The Shapiro Files

Friday, August 04, 2006

Ebay Headache

For several years now, I’ve been enjoying the ability to recapture some of the more tangible odds and ends of my childhood by way of the wondrous Ebay. Everything from The Letter People (arguably the reason I’ve grown up loving reading so much) to Dynamite Magazine and everything in between has been available to me through Ebay’s funky “everything and the kitchen sink” virtual garage sale site.

So you can imagine how broken-hearted I was when I recently received a series of email alerts from Ebay that someone had stolen my account and created dozens (possibly hundreds) of auctions selling expensive name-brand handbags (of all things!). This, in turn, led to my account being suspended.

“How did that happen?” I asked myself. After all, I do work in the tech industry and know to be very careful about not being fooled into clicking on links found in “spoof” emails. And it’s not like I’ve been especially careless with my passwords either. Nonetheless, Ebay identify theft happened and I had to deal with it.

The good news is that Ebay has a relatively user-friendly online “Live Chat” support system and they were able to set everything straight fairly quickly. It looks like my user feedback rating is unchanged (all positive!) and I am once again free to continue searching for a replacement to that Rock ‘Em Sock ‘Em Robots set that went missing during a move at age 11.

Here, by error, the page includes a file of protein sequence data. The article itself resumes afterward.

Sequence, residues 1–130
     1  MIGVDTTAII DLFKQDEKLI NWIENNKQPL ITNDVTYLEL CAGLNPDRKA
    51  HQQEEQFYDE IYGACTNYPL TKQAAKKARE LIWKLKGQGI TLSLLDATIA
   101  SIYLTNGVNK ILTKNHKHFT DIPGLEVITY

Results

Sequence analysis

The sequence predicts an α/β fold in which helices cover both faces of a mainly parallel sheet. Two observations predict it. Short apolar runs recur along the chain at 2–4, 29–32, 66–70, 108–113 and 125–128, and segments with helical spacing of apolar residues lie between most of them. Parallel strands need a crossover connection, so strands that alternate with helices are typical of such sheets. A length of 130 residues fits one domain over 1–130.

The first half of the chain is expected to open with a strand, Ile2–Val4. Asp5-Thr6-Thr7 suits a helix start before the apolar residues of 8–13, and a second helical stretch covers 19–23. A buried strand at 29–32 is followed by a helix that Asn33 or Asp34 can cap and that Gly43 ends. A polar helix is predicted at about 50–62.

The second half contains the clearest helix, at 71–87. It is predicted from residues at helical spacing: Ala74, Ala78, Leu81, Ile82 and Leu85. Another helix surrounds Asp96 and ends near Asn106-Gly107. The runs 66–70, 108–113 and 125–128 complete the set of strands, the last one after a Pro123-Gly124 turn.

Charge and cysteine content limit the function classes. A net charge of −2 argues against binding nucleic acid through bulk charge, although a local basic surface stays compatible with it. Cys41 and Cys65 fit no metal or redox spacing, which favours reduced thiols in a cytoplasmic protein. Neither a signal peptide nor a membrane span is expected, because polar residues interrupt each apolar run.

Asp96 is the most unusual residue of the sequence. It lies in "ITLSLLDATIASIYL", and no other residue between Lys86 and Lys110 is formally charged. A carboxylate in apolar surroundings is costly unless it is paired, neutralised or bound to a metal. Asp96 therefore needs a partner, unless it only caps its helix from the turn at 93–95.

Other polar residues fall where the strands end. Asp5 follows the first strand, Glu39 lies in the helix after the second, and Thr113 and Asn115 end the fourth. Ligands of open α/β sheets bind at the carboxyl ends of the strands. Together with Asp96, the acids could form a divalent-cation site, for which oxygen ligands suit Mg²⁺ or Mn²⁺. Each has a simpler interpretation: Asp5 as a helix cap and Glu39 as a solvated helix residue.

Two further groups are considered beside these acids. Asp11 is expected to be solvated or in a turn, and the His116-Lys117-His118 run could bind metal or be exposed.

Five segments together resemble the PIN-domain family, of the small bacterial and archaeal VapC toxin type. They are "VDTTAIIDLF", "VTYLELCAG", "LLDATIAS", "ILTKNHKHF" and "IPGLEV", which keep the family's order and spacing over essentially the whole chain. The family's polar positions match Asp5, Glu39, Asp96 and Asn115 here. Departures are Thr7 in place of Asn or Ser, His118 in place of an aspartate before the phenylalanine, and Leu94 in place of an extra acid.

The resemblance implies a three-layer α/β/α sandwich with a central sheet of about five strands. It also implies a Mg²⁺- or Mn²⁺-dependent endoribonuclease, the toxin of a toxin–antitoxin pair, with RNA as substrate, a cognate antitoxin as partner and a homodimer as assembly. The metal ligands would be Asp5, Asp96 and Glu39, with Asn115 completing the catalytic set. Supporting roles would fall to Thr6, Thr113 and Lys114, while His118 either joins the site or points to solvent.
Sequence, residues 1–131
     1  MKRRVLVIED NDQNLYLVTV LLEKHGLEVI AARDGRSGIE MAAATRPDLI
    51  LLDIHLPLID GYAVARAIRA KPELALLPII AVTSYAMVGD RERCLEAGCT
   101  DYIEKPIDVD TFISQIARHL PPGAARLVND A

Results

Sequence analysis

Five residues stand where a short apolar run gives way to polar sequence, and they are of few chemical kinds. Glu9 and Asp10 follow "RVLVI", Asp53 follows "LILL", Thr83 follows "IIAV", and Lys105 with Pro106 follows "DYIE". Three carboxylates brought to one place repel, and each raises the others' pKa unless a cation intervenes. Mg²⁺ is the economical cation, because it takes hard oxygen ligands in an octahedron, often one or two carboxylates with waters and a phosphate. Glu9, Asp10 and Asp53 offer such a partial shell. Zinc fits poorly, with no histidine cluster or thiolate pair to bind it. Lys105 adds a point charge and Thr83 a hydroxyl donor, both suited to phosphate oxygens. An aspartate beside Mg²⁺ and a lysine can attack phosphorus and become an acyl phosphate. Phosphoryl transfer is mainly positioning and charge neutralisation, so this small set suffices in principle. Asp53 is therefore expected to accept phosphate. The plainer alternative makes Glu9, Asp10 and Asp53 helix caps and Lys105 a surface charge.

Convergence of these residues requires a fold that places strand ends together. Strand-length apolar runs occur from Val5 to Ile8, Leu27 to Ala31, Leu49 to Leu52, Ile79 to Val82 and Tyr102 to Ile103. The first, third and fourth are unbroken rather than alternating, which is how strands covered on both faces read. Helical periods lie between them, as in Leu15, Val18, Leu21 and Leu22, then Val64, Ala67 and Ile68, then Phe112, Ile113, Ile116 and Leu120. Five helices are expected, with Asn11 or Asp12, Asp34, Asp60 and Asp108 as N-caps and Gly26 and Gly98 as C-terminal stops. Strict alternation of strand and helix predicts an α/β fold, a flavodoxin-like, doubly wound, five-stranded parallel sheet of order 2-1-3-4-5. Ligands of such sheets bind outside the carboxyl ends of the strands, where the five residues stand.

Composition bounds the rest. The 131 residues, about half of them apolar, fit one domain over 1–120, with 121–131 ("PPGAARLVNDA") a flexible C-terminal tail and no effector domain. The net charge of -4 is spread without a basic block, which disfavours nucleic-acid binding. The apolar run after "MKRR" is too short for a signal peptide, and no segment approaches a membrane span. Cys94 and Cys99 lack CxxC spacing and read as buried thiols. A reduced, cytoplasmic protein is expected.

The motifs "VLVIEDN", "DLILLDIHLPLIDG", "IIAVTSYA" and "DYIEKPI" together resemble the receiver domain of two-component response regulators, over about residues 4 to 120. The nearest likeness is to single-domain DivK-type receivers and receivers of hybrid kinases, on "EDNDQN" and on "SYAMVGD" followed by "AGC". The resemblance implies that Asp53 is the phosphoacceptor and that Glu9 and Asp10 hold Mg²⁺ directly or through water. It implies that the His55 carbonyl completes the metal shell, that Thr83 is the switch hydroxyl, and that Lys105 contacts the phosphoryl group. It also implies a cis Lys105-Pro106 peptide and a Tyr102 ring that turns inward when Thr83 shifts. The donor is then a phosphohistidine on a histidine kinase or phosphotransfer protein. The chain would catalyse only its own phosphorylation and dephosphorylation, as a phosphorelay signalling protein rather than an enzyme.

So if nothing else, I guess I might as well look at this odd bump in the Ebay road as a learning/teaching opportunity. And with that, here’s some advice for fellow online shopaholics:

  • Change your passwords regularly (and try to combine both letters and numbers if possible)
  • Make sure your email and online shopping passwords are different
  • Periodically check your account information on your various online shopping destinations to ensure the address and phone number listed is actually yours
  • Never click on links directly in emails from Ebay, Amazon, Paypal, etc. unless you know how to view the email message’s raw source code and can verify the email is not spoofed. Remember, you can always log on a website from scratch and click on the “Account” link from there. There’s never any reason to click on such “Account information needed” links directly from emails.
  • As a courtesy to your friends and family members, avoid using “share with a friend” input boxes/links at all but the most well-known websites (sites such as, The Onion, and a handful of others are OK). Instead, just copy and paste the URL (web address) from your web browser address bar and email that link directly. Otherwise, when you enter an email address into one of those online input boxes, you’re often inadvertently signing up that address for every spam list on the planet.


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